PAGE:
With the introduction of Apple’s App Store on Mac, it became much easier to find, install and update applications.
Here are some of the apps that I found useful for task: management. The Hit List has very simple-to-use interface design that works like a charm. It is rather expensive option, though. So moved on to Wunderlist.
Wunderlist is a fine choice. The best part is that it is free and the syncing works ok across different platforms, e.g., Mac, PC, iPad, iPhone, etc. It was ok but Producteev had better collaborative features.
Producteev is another useful tool for managing collaborative tasks between two persons. (Free up to two persons.) When you put up a task, then other members can add comment on the task item or even attach files. This feature allows richer online interaction within the team. This is the one I am using for now.
Meanwhile, Day One is a tool for keeping a journal. It is not free ($9.99) but this program is useful for the way it is designed to keep you writing, with timely reminders and inspiring quotations that nudge you to writing something or anything. This is not a task management tool per se but it works well alongside the task management tools as you can keep a side note on the things you have covered each day.
I am a happy user of DropBox, a file sync application/service that works seamlessly across PC and Mac. It is free up to 2GB of usage. I use DropBox extensively for synchronizing files among many members within a team.
While using DropBox for collaborative file syncing, I needed another cloud-based tool for backing up personal files. So I started to use SugarSync alongside DropBox. SugarSync gives you 5GB free.
For managing schedule, I use Apple’s iCal and Google Calendar but neither of these seems to work very well for me. Someone recommends Fantastical, which I have yet to find out.
*I’d like to add that TeuxDeux, an online tool for to-do list management (and $2.99 iPhone app), looks quite promising, especially for their sensible use of typography. (No wonder. It was designed by swissmiss. Good job, Tina.) *Yammer also deserves a mention as a group collaboration tool. It is a twitter for an organization, enabling group conversation and record-keeping of past discussions. I think it works well for a group of 3-10 members.
Now, with all the tools at hand, actually getting things done at all is totally a different issue. Here is one long quote from William Osler that deeply impressed me recently regarding getting things done. It deserves careful reading.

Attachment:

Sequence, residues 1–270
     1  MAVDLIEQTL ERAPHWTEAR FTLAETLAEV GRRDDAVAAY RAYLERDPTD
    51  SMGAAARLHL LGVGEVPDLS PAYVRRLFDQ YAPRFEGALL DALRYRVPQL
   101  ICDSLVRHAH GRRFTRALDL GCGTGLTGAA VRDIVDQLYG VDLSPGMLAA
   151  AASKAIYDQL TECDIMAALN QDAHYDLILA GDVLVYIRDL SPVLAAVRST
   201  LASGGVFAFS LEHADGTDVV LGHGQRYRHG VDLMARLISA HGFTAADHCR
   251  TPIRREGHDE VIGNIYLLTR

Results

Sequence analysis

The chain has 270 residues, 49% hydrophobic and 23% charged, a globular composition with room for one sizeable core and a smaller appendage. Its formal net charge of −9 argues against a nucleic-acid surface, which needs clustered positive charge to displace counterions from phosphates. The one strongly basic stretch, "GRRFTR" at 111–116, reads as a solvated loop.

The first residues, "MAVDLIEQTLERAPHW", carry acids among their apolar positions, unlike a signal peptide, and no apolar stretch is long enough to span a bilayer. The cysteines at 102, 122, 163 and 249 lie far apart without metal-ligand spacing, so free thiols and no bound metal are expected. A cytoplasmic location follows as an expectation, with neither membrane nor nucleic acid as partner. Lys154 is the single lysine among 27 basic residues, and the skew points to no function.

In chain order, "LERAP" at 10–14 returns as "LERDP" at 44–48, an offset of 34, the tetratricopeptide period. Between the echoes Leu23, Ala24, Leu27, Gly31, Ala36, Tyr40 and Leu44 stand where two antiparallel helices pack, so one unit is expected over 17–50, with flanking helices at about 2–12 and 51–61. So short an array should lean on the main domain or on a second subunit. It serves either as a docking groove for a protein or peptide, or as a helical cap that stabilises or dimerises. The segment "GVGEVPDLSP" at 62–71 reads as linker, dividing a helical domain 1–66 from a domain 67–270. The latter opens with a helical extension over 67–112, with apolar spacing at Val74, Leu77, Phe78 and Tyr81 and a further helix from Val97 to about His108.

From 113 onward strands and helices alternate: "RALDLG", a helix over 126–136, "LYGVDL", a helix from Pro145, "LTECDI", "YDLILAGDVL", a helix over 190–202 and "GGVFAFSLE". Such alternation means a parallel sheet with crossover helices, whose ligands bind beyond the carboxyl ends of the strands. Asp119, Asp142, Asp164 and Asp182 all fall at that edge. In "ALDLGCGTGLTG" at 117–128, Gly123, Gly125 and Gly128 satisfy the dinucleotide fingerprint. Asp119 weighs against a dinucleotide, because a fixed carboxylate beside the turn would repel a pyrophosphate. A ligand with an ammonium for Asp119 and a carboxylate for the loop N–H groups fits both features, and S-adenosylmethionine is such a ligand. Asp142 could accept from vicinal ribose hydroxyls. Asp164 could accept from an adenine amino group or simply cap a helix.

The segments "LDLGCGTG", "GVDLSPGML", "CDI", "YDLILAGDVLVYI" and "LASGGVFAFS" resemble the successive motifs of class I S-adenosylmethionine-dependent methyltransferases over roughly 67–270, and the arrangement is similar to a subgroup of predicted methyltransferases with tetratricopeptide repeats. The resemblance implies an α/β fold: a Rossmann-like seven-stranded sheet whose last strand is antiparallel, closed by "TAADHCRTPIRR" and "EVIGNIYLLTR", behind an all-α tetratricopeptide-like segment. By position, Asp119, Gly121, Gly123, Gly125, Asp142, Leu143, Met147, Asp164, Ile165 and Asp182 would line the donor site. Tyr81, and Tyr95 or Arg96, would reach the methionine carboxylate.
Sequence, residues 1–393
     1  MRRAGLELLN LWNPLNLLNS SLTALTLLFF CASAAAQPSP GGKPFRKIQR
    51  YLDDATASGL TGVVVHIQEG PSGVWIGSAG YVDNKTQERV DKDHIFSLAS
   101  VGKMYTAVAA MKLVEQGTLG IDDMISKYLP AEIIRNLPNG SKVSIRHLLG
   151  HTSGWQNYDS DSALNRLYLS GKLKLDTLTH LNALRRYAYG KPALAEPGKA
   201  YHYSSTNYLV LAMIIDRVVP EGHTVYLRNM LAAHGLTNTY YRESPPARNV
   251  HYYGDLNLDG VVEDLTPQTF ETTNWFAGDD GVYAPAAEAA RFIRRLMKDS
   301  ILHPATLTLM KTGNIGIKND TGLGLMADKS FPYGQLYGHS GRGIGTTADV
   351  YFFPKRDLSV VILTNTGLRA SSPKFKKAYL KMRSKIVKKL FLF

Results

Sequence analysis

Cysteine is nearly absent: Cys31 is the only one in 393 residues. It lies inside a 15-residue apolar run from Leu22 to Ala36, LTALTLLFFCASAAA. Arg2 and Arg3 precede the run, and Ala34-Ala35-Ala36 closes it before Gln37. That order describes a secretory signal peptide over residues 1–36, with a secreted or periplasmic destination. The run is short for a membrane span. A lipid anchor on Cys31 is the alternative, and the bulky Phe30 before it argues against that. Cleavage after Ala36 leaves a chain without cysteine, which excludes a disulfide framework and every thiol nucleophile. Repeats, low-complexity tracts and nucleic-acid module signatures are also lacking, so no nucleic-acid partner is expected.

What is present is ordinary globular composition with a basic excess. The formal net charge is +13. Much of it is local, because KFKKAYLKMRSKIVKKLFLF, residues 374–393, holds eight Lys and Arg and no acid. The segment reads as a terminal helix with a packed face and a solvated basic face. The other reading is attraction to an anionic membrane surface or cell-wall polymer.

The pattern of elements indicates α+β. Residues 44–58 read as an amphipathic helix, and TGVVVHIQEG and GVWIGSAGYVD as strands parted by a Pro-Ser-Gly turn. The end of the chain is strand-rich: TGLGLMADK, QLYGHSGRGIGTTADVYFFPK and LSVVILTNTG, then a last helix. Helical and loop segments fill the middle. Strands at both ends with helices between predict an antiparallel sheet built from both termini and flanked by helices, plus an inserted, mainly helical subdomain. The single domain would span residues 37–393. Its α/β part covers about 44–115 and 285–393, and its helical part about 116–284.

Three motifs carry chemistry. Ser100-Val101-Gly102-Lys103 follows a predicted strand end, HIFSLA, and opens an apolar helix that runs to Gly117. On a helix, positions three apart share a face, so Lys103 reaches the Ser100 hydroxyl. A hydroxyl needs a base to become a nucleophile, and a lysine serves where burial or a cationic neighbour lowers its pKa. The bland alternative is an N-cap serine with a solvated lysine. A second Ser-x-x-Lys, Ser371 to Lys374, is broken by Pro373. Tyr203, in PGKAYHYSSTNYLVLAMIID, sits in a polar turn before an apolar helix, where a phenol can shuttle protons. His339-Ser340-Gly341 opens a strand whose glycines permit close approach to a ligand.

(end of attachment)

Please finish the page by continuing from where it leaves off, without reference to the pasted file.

Though a little one, the master-word looms large in meaning. It is the open sesame to every portal, the great equalizer in the world, the true philosopher’s stone, which transmutes all the base metal of humanity into gold. The stupid man among you it will make bright, the bright man brilliant, and the brilliant student steady. With the magic word in your heart all things are possible, and without it all study is vanity and vexation. The miracles of life are with it; the blind see by touch, the deaf hear with eyes, the dumb speak with fingers. To the youth it brings hope, to the middle-aged confidence, to the aged repose. True balm of hurt minds, in its presence the heart of the sorrowful is lightened and consoled. It is directly responsible for all advances in medicine during the past twenty-five centuries. Laying hold upon it Hippocrates made observation and science the warp and woof of our art. Galen so read its meaning that fifteen centuries stopped thinking, and slept until awakened by the De Fabrica, of Vesalius, which is the very incarnation of the master-word. With its inspiration Harvey gave an impulse to a larger circulation than he wot of, an impulse which we feel to-day. Hunter sounded all its heights and depths, and stands out in our history as one of the great exemplars of its virtues. With it Virchow smote the rock, and the waters of progress gushed out while in the hands of Pasteur it proved a very talisman to open to us a new heaven in medicine and a new earth in surgery. Not only has it been the touchstone of progress, but it is the measure of success in every-day life. Not a man before you but is beholden to it for his position here, while he who addresses you has that honor directly in consequence of having had it graven on his heart when he was as you are to-day. And the master-word is Work, a little one, as I have said, but fraught with momentous sequences if you can but write it on the tablets of your hearts and bind it upon your foreheads. But there is a serious difficulty in getting you to understand the paramount importance of the work-habit as part of your organization. You are not far from the Tom Sawyer stage with its philosophy “that work consists of whatever a body is obliged to do, and that play consists of whatever a body is not obliged to do.” A great many hard things may be said of the work-habit. For most of us it means a hard battle; the few take to it naturally; the many prefer idleness and never learn to love labor.-William Osler, The Master-Word In Medicine (Montreal Medical Journal, 1903)